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‘Mario Golf: Super Rush’: Maybe a little bit too chill

“Mario Golf: Super Rush.” (Nintendo)
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Mario Golf: Super Rush

Developed by: Camelot

Published by: Nintendo

Available on: Nintendo Switch

I’ve never watched a full day of golf on television and with few, rare exceptions, I find it hard to invest the energy into televised sports the way some of my family and friends do. Yet I’ve long enjoyed arcade-style sports games which add a bit of silliness into the mix. The last sports game I got into was “Mario Tennis Aces,” so I was cautiously optimistic when I heard that the Switch would be receiving a new Mario Golf game from the same developer.

“Mario Golf: Super Rush” does a fair job of injecting a bit of levity into the otherwise staid game by fusing the familiar trappings of the Mushroom Kingdom, such as Piranha Plants and lava lakes, with golf mechanics that can be approached either casually or in a more methodical fashion. A touch of the A button sends a gauge on the right side of the screen sliding up and down to determine a shot’s power. Tapping on either the A or B button again determines the type of spin placed on the shot — e.g., top spin adds momentum to a ball so that it rolls further along the ground after it lands while bottom spin curtails its roll.

In the quick interval between initiating a shot and striking a ball you can also use the left thumb stick to adjust the curve of a shot so that it travels in a higher or lower arc or hews to a right, or left, trajectory. On a more granular level, you can also pull up a grid that shows the elevation of the surrounding area allowing you to better assess how the slope of the land might affect your shot, along with wind speed and weather conditions.

I bumbled my way through Super Rush racking up too many bogeys to count, but that’s okay because apart from its single-player campaign, otherwise known as Golf Adventure, I never felt any pressure to keep my scores below par. One can unlock the courses, which range from a rocky landscape pocked with mini-tornados, to a tried-and-true Bowser’s castle, etc., by completing events in the campaign mode or by schlepping through an eighteen-hole game on the last, unlocked course. This type of progression adds to the sort of chill vibe one would expect from a Mario golf game.

In Golf Adventure, players create an avatar and then try to climb the ranks from scrub to pro by taking on different challenges ranging from competing in timed matches against other characters from the Mario universe, like Toadette and Chargin’ Chuck, to tackling, for example, in any order, a nine-hole course in under forty strokes. Super Rush is also divided into Standard, Speed, Battle and online multiplayer modes whereby players can choose from a roster of Mushroom Kingdom characters and compete in one-off matches.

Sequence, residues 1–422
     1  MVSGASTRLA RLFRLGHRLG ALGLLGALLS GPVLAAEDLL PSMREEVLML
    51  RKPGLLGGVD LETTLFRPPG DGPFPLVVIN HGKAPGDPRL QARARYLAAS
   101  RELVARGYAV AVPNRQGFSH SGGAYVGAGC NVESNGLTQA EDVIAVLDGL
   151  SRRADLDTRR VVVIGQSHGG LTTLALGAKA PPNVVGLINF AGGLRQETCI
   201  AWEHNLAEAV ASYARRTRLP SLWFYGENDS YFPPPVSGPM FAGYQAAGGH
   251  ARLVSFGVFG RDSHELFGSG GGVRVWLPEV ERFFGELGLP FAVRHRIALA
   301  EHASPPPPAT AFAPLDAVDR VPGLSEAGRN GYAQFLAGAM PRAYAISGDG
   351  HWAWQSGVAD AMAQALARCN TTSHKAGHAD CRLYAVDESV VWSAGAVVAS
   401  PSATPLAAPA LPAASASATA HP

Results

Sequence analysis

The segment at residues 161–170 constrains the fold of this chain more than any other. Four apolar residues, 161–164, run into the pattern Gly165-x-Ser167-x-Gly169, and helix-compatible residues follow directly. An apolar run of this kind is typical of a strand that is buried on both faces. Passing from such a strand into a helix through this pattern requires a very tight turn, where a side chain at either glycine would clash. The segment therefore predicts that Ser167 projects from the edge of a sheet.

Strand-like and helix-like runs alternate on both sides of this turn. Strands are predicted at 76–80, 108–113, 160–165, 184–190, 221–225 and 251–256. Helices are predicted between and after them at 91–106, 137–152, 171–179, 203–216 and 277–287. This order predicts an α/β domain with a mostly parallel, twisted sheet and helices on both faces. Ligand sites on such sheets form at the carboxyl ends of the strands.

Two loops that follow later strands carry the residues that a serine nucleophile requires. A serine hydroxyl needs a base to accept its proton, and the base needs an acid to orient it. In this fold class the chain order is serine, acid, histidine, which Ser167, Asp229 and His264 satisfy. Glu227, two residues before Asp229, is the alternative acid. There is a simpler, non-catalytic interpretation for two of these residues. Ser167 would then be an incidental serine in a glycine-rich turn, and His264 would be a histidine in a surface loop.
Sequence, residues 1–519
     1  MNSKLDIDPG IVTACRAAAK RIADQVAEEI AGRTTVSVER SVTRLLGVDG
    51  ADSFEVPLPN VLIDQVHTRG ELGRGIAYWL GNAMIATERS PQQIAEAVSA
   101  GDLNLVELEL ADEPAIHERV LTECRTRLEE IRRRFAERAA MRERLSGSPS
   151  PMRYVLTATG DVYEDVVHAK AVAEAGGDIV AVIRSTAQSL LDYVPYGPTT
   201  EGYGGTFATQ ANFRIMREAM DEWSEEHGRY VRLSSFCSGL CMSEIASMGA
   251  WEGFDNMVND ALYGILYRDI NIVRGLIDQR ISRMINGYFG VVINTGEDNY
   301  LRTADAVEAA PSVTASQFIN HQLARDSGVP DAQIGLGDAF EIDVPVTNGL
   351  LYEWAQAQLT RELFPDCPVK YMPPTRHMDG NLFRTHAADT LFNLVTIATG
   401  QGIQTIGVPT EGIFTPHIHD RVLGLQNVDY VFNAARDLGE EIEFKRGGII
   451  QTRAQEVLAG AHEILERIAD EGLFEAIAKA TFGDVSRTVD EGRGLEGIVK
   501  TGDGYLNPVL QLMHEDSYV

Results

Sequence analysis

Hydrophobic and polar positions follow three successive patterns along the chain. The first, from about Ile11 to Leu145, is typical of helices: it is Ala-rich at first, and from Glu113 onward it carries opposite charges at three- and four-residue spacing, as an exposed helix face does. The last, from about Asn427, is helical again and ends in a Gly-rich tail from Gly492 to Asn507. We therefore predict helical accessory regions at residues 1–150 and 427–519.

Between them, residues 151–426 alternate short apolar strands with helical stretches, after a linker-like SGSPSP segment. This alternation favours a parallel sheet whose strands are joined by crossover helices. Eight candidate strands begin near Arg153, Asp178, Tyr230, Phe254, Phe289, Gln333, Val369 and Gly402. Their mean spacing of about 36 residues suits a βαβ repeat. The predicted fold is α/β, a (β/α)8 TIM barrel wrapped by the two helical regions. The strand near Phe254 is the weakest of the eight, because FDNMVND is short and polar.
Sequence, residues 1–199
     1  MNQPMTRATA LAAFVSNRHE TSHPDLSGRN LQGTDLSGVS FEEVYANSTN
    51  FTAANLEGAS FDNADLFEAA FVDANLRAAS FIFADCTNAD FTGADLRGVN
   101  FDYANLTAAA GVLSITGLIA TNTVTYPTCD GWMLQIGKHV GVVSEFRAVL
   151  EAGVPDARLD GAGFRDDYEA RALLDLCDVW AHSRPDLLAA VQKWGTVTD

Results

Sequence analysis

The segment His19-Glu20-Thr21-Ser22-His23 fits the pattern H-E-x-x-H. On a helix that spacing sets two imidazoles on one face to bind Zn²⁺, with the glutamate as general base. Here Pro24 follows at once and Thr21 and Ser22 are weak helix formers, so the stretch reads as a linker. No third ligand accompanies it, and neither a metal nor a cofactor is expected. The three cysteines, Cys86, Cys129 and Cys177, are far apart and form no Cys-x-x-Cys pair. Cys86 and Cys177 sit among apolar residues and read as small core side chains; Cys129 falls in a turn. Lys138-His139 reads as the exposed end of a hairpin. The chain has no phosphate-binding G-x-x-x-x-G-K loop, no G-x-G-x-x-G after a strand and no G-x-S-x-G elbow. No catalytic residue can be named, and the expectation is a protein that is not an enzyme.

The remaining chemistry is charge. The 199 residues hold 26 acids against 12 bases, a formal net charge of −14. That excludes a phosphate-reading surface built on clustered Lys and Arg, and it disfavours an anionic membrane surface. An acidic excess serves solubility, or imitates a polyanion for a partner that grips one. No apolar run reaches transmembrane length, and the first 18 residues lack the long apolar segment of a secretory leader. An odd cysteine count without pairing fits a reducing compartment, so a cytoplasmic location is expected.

Standard Golf is just what you’d expect: straightforward golf but with the added flourish of Super Shots. By filling an energy meter, which replenishes automatically over time, Mario, or one of the gang, can let loose a power shot that can send a ball hurtling to the faraway green. In Speed Golf and Battle Golf you fill up the energy meter by picking up coins strewn across the course. These modes both add an extra layer of physical high jinks to the game since players must chase after their golf balls. Pressing the B button causes an avatar to sprint, depleting a stamina meter that refills by laying off the sprint button or picking up a heart off the ground. If your stamina is high enough you can press the L button to dash which makes a character move considerably faster and can be used to stun opponents who aren’t dashing themselves.

Naturally, Speed Golf adds a timer to each shot. Players can compete against each other or against computer-controlled avatars to finish a course with either the best score or the fastest time. In Battle Golf, players faceoff in a stadium environment where they are given free rein to tackle any holes in the area, in whatever order, they choose. Given that Battle Golf is the mode that offers the most in the way of visual pizazz — with lighting strikes and such — I feel like an opportunity was missed by not staking the action in a less generic-looking environment.

In truth, I wish “Mario Golf: Super Rush” was a bit zanier. The dash mechanic and the Super Shots are fine, but I can’t help thinking that the courses could have been a bit more whimsical than, say, the arid landscape of Balmy Dunes. Oh well, at least it reminded me of how much I enjoyed tennis.

Christopher Byrd is a Brooklyn-based writer. His work has appeared in the New York Times Book Review, the New Yorker and elsewhere. Follow him on Twitter @Chris_Byrd.

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